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Week of May 5-May 12 Michigan Organic Farmers’ FYI Listserv update

Here is a list of what is included: Scroll down to read full story.

  • Couple says herbicide polluted their land-in Saginaw County

 

  • WEED CONTROL INNOVATIONS IN MIXED VEGETABLE PRODUCTION-In Lodi, NY

 

  • Farming ventures share risk, bounty-Titus family in Ingham county

 

  • Organic Food and Farming 2006 Background Statistics-in U.S.

 

 

 

  • ALERT: FREE THOUSANDS OF AMERICA’S ORGANIC COWS FROM INTENSIVE CONFINEMENT

 

  • HORIZON AND AURORA BANNED IN CO-OPS

 

 

05/06/2006

Couple says herbicide polluted their land

[log in to unmask]">Josh Grosteffon , Midland Daily News

 

    A lawsuit has been filed in Saginaw County Circuit Court concerning the alleged misuse of weed control chemicals by The Daltons of Indiana Inc. during roadside spraying in Saginaw County.

     Marilyn and Ronald Pokrak of Saginaw County's Taymouth Township allege the company oversprayed the Dow AgroSciences chemical Tordon K, active ingredient picloram, while performing chemical roadside brush control throughout Saginaw County. The lawsuit also alleges various other violations, including the spraying in wetlands. There are 16 counts in all.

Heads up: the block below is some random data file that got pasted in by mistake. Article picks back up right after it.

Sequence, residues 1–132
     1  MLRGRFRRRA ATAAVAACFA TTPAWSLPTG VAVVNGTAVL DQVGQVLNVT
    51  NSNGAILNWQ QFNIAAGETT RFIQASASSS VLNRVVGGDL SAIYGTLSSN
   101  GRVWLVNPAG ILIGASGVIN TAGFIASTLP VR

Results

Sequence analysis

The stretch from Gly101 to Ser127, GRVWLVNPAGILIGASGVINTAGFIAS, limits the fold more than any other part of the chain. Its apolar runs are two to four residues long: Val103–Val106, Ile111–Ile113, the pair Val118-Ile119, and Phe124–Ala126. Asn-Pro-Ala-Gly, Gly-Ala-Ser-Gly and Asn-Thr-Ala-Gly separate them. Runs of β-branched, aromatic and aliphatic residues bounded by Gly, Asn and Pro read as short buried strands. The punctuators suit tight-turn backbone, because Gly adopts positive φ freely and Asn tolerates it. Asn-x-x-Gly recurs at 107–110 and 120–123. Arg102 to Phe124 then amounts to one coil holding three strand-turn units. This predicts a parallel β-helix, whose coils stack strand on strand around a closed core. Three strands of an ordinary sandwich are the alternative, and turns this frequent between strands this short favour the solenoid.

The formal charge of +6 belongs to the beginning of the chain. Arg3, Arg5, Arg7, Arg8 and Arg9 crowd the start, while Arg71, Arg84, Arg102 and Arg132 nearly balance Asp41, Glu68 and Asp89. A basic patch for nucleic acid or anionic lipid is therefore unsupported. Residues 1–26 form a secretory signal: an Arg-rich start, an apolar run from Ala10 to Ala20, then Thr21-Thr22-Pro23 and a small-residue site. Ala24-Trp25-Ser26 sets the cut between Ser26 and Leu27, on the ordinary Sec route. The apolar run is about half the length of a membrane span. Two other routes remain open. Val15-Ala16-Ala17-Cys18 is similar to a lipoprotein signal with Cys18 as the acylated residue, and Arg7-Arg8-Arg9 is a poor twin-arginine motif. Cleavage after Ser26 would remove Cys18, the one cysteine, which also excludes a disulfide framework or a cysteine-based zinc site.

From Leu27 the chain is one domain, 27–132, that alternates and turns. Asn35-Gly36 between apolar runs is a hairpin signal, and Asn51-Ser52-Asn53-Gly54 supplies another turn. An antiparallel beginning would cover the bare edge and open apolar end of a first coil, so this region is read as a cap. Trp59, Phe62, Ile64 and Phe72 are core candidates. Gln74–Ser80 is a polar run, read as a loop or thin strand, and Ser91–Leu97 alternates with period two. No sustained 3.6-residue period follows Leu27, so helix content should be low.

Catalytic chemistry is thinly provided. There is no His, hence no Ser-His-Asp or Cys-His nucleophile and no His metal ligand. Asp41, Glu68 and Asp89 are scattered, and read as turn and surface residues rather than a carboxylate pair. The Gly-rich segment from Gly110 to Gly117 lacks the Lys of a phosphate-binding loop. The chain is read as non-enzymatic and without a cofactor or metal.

The lawsuit also names the Saginaw County Road Commission and specific Michigan Department of Agriculture employees, including Director Mitch Irwin, as defendants.

    The lawsuit alleges that, because of the overspraying by Daltons, the chemicals entered the Pokraks' water table and cost them a chance to obtain certified organic farm status. The Pokraks are seeking damages related to their property and well-being. They also want "a stop to this pollution of our land and waters," the lawsuit states.

    Two separate MDA reports show Daltons workers committed state violations while performing the application near the Pokraks' property on Bell Road in Saginaw County.